U.S. Attorney General Eric Holder said he and “the upper levels of the Justice Department” were not aware of the botched “Fast and Furious” gun program that targeted Mexican drug cartels but ended up supplying them with firearms.
The gun scandal has prompted a congressional investigation led by Rep. Darrell Issa (R-Calif.), chairman of the House Oversight Committee, and a separate investigation by the Justice Department’s Inspector General.
“The notion that somehow or other this reaches into the upper levels of the Justice Department is something that, at this point, I don’t think is supported by the facts,” Holder said for the first time at a press conference on Wednesday. “We’ll certainly see, I think, at the end of [the Inspector General’s investigation] exactly who was involved, exactly who made the decisions.”
A spokesman for Issa responded that Holder’s comments was baseless “whining,” according to Fox News.
“My hope would be that Congress will conduct an investigation that is factually based and not mired with politics,” Holder said regarding Issa’s investigation.
Holder admitted that the Bureau of Alcohol, Tobacco Firearms’ operation, designed to track weapons to Mexican drug cartels, “was clearly a flawed enforcement effort.”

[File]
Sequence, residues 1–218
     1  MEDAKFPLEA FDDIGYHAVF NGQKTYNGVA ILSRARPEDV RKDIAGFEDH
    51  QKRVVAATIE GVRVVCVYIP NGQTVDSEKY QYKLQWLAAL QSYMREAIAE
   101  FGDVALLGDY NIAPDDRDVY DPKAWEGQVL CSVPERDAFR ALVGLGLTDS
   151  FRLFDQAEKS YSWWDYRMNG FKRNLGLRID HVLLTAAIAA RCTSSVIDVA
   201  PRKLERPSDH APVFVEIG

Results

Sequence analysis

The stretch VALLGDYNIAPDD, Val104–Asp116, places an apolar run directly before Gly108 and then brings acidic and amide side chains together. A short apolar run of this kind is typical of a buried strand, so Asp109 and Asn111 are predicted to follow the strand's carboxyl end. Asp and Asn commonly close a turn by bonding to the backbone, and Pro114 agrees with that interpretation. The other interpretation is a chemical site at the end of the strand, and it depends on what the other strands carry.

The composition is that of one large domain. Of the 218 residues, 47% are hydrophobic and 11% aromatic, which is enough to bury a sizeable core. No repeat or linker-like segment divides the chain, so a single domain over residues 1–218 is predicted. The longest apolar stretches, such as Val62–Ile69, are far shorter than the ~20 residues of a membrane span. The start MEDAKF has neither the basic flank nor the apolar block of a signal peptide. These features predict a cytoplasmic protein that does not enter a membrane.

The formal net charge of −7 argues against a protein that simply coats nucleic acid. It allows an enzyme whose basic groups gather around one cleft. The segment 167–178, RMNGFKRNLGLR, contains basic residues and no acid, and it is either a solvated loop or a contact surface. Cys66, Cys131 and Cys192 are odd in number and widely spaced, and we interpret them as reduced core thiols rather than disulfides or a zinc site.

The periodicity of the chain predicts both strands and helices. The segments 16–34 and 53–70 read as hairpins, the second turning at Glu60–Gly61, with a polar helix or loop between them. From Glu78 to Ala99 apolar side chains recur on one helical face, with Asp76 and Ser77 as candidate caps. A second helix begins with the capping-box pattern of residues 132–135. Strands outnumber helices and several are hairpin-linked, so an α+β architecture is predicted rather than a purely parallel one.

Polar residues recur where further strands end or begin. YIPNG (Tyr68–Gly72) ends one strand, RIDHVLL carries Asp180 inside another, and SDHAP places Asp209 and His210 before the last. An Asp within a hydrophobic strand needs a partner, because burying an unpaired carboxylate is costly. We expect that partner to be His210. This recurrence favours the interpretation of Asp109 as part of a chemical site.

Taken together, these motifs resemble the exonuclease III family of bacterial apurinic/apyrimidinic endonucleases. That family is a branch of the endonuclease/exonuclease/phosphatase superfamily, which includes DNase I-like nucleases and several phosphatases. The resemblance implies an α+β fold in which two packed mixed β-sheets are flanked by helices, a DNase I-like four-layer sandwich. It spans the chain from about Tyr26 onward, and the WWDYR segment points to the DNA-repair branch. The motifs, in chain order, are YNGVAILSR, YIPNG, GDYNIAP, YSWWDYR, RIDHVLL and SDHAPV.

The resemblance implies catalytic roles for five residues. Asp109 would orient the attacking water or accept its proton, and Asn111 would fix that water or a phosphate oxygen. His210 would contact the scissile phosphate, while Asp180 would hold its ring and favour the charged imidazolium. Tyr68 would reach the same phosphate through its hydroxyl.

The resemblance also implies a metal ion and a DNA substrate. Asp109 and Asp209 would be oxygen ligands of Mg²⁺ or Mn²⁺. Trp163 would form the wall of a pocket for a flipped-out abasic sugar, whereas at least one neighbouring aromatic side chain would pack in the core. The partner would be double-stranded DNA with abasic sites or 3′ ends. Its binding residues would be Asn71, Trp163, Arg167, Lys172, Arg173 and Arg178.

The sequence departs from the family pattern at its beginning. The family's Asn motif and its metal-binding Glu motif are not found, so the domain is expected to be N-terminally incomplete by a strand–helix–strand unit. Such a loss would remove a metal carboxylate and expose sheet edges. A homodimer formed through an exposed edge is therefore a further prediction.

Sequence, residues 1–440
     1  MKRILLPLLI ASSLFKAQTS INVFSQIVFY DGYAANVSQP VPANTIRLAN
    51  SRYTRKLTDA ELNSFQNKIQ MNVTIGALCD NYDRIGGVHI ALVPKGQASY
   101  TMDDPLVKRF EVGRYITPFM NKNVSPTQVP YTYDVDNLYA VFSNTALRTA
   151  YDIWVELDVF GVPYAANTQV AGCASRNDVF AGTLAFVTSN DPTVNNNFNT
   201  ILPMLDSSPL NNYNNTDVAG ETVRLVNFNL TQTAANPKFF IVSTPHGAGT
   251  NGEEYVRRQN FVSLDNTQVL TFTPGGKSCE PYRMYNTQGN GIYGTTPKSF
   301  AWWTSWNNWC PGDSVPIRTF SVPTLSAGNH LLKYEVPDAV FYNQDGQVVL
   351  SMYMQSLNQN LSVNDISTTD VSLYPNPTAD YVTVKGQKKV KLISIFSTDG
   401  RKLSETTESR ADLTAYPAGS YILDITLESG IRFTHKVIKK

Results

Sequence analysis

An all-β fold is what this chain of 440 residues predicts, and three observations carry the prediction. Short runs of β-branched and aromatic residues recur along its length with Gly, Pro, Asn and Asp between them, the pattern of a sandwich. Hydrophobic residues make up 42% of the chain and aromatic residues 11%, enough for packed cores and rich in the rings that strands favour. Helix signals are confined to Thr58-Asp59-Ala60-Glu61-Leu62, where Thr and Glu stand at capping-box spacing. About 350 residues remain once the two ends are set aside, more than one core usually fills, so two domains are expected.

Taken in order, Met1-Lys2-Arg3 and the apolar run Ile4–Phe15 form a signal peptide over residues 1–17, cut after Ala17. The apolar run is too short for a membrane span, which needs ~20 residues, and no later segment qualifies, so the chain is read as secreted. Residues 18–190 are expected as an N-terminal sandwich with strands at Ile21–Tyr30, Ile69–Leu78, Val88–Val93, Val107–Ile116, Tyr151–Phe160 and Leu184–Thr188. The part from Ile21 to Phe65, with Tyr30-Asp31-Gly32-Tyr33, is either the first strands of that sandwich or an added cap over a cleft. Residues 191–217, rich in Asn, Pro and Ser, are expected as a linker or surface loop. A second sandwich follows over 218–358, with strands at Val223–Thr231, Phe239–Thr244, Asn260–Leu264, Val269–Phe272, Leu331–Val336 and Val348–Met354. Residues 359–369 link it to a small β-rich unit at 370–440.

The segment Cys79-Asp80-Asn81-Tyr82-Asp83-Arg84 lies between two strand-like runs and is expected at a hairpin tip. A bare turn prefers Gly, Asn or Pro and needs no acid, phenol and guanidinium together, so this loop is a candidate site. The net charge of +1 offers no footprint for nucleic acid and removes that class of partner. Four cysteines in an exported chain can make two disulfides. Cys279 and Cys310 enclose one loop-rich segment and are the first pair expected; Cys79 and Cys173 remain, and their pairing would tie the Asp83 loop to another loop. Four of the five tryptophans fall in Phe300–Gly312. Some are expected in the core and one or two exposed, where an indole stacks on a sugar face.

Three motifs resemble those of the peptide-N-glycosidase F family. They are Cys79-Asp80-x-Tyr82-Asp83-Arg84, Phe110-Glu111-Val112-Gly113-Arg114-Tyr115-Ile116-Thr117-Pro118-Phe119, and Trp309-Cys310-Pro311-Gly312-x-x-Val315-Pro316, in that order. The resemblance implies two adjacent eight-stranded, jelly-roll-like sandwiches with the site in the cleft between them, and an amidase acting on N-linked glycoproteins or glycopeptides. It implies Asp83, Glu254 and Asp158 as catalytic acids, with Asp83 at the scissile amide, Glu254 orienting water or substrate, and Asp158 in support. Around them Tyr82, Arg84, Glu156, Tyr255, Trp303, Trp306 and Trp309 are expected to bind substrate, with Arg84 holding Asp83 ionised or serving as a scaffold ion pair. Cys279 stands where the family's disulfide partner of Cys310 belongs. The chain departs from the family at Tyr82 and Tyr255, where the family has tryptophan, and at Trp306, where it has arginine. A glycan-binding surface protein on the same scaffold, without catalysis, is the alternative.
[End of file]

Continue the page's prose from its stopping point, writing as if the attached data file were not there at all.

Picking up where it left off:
The 2009 “Fast and Furious” operation involved ATF agents who tracked purchases of guns and allowed them cross from the United States into Mexico in hopes that the weapons would lead them to major weapons traffickers and drug cartel leaders. Instead, hundreds of rifles and other guns ended up in the hands of the cartels, and the operation was unsuccessful.
In fact, weapons linked to the program were later used in the December 2010 shooting death of U.S. Border Patrol Agent Brian Terry.
The scandal has led to a shakeup at the Bureau of Alcohol, Tobacco, and Firearms. The head of the ATF at the time of the operation, Ken Melson, was recently reassigned to a Justice Department as a senior adviser on forensic issues.
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